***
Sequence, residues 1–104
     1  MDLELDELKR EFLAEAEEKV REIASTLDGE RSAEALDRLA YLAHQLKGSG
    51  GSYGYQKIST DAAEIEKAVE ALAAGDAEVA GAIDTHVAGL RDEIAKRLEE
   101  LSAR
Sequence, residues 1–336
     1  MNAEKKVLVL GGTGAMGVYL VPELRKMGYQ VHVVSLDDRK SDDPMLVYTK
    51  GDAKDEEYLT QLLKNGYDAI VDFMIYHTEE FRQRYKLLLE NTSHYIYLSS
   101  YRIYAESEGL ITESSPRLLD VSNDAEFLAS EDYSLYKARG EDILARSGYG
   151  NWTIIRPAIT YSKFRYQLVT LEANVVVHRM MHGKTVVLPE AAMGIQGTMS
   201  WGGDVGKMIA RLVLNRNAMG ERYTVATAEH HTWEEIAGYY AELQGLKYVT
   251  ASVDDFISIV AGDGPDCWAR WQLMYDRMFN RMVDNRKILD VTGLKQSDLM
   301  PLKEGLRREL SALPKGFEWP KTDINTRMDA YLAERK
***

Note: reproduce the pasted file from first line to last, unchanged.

Sequence, residues 1–104
     1  MDLELDELKR EFLAEAEEKV REIASTLDGE RSAEALDRLA YLAHQLKGSG
    51  GSYGYQKIST DAAEIEKAVE ALAAGDAEVA GAIDTHVAGL RDEIAKRLEE
   101  LSAR
Sequence, residues 1–336
     1  MNAEKKVLVL GGTGAMGVYL VPELRKMGYQ VHVVSLDDRK SDDPMLVYTK
    51  GDAKDEEYLT QLLKNGYDAI VDFMIYHTEE FRQRYKLLLE NTSHYIYLSS
   101  YRIYAESEGL ITESSPRLLD VSNDAEFLAS EDYSLYKARG EDILARSGYG
   151  NWTIIRPAIT YSKFRYQLVT LEANVVVHRM MHGKTVVLPE AAMGIQGTMS
   201  WGGDVGKMIA RLVLNRNAMG ERYTVATAEH HTWEEIAGYY AELQGLKYVT
   251  ASVDDFISIV AGDGPDCWAR WQLMYDRMFN RMVDNRKILD VTGLKQSDLM
   301  PLKEGLRREL SALPKGFEWP KTDINTRMDA YLAERK